Ever since I was a young child, the concern of what my future career would be has hung over me like a bad headache. As a young Nigerian girl, the expectation to have a job that was very prestigious and sought after was very high, so because of this I had chosen various jobs such as lawyer, doctor and pastor (I am very religious okay). So, as I grew older and became more mature, the idea festered in my head and grew as I made decisions on what to study at school.
A few years down the line, I had moved to the UK with my brother and mother and I had been to a couple of schools, moving around every once in a while. I settled in a school in a private school in Bushey for my first two years of secondary school. It was a girls school and I really enjoyed my time there, I met wonderful girls that I’m still friends with today (you know who you are aha). Unfortunately, after my second year, my family encountered a few problems and I had to relocate to a state school. This wasn’t a problem for me as I enjoyed moving around and meeting new people but leaving friends that I had gotten really close to was a big struggle for me as it had been when I moved to the UK from Nigeria.
This new school that I had moved to was a mixed school in St. Albans which was my first experience of being in a co-ed school since primary school. I was excited because this school offered more in terms of subject choices than the old school did and that was when I got my first taste of engineering. Now engineering to me had always been a guy thing that various of my mother’s male friends were really good at. I had never thought about it because of the stigma around females doing engineering. However, in year 9, I had a very terrible first experience in the workshop and nearly broke a really expensive machine – this had actually happened on more than one occasion, whoops! Anyway, because of the mistakes that I had made in the workshop, I was laughed at a lot especially by the boys. This motivated me to do better and work much harder and by the end of the term, I had finished with one of the best products made in the class. Bear in mind that I had never worked on these machines as they were not available in the school and so the rest of the class had a 2 year headstart. I remember my teacher joking about how he’d hoped to never see me in his workshop again but to his surprise, there I was the next year, ready and willing to work twice as hard as any other person in the class.
My Engineering teacher was a legend. He may not have been the best teacher in the school, but he pushed me harder than anyone else because he realised my potential and that’s what makes him a legend in my eyes. I worked the hardest in his classes and at this point I was still focused on trying to make it as a doctor so a majority of my attention was on subjects like Maths, Chemistry and Biology. Around this time, I met a friend who encouraged me to join the ATC (Air Training Corps). This was a huge motivation in my life as it opened my eyes to the various types of engineering that are available as well as the different places I could work. I loved it. With this new found realization of my love of Engineering, I started to do more research into what I’d like to do after my GCSE’s. The hardest part of the whole process was convincing my mum of this sudden career change I had made. Whilst my mum is very supportive of everything I do, she wanted a daughter with a pHD which was a big thing for Nigerians. She didn’t understand my love for engineering at that point but I worked hard to show her how passionate I was about it. She finally buckled but every once in a while she’ll throw in a joke about how I should apply for medicine at university. Hilarious mum.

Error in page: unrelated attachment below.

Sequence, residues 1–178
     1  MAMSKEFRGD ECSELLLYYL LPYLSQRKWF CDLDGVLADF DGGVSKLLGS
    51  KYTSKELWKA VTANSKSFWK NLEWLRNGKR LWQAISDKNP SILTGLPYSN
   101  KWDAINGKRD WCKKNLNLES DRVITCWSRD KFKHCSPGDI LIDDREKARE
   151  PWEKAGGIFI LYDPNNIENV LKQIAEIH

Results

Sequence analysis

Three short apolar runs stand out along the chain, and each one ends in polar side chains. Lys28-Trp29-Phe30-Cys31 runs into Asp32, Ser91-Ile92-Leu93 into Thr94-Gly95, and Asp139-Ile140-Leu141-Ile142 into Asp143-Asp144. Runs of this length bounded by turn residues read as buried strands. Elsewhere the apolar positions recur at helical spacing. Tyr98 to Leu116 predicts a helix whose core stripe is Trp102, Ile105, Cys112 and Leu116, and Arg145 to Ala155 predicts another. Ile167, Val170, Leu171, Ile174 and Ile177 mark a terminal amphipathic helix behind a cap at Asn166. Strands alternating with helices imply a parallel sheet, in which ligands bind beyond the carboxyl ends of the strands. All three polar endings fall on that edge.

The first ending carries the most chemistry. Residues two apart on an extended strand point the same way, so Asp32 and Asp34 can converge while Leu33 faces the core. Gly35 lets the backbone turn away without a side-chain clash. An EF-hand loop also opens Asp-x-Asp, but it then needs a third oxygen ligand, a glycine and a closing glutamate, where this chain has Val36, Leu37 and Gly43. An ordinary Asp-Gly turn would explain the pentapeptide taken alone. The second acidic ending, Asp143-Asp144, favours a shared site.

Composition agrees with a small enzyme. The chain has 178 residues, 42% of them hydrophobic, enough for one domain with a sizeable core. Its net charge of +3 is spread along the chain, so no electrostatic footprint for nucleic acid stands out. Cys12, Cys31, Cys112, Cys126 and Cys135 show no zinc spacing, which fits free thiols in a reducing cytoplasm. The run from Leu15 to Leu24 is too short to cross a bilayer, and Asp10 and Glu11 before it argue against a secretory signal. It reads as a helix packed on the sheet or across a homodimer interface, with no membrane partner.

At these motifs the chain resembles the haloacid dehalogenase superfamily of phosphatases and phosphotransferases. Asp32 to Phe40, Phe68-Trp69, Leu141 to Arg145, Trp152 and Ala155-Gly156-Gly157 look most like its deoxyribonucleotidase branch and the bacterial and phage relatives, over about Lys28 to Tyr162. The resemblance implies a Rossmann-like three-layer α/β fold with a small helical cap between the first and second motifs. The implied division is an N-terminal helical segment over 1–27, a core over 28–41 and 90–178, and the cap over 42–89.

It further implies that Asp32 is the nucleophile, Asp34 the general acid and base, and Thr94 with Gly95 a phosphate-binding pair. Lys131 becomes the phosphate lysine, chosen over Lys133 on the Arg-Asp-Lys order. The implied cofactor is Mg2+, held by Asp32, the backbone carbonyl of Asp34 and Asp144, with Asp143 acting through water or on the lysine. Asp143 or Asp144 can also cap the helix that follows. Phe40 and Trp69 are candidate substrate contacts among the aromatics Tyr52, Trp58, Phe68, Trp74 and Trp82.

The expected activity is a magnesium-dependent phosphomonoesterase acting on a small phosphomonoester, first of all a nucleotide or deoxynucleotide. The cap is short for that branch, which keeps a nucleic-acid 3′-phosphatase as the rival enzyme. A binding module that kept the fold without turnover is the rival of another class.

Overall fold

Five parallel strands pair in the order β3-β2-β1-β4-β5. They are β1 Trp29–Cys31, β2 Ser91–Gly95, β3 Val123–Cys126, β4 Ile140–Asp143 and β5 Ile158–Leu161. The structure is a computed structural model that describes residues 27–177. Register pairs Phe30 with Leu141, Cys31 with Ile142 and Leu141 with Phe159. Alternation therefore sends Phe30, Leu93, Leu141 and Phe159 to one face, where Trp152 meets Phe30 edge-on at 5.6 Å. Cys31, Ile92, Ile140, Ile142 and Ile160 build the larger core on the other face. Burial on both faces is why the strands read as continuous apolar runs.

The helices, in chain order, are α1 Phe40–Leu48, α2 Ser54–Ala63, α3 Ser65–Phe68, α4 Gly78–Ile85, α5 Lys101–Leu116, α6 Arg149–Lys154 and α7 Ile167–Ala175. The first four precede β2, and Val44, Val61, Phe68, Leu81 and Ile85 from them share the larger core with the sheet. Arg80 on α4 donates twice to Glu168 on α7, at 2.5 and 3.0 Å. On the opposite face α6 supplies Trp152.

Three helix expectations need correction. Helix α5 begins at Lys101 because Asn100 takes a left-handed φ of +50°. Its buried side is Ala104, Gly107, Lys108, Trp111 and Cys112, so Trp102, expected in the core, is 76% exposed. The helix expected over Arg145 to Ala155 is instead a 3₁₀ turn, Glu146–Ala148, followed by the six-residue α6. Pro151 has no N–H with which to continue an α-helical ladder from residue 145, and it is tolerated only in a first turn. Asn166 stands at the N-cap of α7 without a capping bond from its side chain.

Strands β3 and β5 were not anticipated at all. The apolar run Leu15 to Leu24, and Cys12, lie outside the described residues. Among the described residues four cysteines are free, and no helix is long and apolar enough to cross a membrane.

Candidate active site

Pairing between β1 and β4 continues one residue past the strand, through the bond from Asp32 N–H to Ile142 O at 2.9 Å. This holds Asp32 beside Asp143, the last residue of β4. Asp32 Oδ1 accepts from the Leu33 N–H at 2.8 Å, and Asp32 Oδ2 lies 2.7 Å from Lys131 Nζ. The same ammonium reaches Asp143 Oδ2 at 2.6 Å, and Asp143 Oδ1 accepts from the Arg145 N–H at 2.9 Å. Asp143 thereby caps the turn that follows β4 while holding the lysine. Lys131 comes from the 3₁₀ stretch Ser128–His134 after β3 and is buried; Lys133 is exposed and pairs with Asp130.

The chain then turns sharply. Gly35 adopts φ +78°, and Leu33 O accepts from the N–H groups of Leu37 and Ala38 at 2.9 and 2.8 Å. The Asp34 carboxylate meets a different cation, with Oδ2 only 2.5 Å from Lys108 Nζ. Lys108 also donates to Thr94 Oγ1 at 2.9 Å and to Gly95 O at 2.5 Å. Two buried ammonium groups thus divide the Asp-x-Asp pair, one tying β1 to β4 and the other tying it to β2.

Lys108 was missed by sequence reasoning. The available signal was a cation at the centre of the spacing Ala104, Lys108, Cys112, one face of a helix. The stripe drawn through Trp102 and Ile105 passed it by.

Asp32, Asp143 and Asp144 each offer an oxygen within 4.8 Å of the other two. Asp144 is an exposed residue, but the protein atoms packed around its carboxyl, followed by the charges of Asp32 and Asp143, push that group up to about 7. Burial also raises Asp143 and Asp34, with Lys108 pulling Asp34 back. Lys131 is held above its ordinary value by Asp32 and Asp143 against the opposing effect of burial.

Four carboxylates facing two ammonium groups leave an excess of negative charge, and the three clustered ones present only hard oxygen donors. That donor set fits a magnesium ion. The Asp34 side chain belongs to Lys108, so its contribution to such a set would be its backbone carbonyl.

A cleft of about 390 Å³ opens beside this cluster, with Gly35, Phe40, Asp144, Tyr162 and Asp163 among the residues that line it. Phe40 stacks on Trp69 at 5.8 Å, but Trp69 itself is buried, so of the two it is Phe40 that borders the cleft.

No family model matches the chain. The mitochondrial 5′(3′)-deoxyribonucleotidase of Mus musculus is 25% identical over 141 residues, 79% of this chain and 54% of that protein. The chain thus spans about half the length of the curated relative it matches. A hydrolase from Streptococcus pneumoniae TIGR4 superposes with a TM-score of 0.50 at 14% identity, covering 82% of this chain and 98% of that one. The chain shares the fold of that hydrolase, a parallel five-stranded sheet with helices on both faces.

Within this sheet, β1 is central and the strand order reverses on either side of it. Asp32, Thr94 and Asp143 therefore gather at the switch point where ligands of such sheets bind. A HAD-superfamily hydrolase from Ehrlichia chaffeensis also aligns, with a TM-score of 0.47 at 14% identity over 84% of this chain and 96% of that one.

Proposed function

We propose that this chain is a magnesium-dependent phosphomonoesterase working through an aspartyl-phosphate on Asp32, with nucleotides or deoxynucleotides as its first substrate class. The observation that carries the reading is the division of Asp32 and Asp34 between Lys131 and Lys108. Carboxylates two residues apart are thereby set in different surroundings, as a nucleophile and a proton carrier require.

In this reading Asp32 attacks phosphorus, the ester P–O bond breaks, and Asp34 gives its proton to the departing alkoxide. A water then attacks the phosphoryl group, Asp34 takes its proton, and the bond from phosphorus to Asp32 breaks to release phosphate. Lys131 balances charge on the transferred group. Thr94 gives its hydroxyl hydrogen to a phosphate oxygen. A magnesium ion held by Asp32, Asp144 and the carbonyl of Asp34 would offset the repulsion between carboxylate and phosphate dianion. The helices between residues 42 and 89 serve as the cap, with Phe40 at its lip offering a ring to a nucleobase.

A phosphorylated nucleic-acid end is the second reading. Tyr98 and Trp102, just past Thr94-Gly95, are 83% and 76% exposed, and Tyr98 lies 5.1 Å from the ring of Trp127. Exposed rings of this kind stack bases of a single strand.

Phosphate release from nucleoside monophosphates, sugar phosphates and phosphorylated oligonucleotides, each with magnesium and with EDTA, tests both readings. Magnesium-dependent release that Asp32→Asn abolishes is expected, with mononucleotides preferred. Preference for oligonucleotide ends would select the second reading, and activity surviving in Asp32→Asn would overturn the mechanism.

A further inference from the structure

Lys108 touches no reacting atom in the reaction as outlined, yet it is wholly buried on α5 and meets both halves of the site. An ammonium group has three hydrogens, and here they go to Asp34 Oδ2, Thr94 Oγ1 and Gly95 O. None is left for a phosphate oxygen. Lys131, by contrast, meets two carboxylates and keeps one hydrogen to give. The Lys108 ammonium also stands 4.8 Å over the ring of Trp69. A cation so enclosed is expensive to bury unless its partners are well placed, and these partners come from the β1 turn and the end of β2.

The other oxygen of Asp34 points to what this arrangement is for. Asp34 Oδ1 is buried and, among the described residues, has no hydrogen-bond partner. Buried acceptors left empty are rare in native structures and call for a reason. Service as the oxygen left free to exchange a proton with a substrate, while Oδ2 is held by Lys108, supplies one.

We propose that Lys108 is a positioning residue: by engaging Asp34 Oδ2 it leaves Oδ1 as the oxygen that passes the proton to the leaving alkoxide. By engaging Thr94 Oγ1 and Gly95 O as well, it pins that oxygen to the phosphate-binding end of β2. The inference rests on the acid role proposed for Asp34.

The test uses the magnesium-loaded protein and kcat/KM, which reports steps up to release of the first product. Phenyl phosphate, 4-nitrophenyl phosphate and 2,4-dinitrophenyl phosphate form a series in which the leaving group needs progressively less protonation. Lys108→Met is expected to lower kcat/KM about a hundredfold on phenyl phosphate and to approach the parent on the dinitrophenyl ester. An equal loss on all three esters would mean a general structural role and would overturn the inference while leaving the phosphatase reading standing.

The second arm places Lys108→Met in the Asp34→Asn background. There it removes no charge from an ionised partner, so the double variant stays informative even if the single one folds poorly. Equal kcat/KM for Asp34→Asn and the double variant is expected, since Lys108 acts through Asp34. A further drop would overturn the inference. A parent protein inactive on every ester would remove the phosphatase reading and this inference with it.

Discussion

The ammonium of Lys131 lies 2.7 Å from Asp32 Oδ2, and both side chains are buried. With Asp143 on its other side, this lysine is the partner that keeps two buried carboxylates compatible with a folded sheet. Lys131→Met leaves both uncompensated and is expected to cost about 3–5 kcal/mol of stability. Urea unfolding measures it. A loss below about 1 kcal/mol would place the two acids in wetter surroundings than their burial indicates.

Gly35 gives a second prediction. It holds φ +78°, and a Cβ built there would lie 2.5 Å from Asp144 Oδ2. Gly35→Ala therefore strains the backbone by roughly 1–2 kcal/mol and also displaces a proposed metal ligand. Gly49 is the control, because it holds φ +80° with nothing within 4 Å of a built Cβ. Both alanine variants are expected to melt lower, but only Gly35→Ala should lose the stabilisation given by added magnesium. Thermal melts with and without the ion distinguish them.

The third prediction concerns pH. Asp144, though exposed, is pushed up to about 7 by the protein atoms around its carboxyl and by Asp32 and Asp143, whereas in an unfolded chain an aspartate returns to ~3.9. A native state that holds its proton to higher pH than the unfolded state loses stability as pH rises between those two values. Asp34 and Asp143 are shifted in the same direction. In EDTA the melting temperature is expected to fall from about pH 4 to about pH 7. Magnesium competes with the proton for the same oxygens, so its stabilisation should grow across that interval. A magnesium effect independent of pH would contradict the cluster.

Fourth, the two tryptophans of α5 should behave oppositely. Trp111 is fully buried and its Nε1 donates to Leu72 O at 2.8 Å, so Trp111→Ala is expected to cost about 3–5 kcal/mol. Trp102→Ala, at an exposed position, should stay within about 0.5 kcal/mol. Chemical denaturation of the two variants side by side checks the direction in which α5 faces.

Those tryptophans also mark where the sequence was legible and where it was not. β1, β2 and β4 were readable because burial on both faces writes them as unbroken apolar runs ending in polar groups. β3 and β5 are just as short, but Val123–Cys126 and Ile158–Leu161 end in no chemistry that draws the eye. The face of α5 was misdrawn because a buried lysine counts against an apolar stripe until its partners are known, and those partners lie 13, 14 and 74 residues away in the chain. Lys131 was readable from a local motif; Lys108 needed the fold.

So, I had finished my GCSEs and was on the way to deciding the next steps in my life. I decided to move away to boarding school to study Maths, Chemistry, Physics and Product Design. This brings us to now, I have completed my first year of college and am well on my way to becoming a more independent women as well as becoming an engineer. At this point, I have gathered the help of pastors, friends, engineers and mentors to help me with this process. As I mentioned earlier, I am very religious and I believe very strongly in God and that he has a purpose for me in this world. This belief has pushed me to wanting goals that many people believe to be foolish or impossible but as it says in Philipians 4:13 – “I can do all things through Christ who strengthens me”. Essentially, I can do whatever I put my mind to with God by my side.
The idea of getting noticed by other Airline companies has been nagging me for ages, I’m not going to lie, I need all the help I can get. I need to do research, meet more people already in the field and get noticed a lot more. But it will all come together in the end, I know it will. Right now this blog is for documenting my progress in achieving my dreams as well as to empower other women like me to strive for goals that other people might call foolish or impossible.
So, here I am now with a new found hunger for success. I will be an engineer. I will be successful. I will own an airline company and I will show everyone that I was not foolish and it was never impossible.
“Follow me on my journey of more success.” – DJ Khaled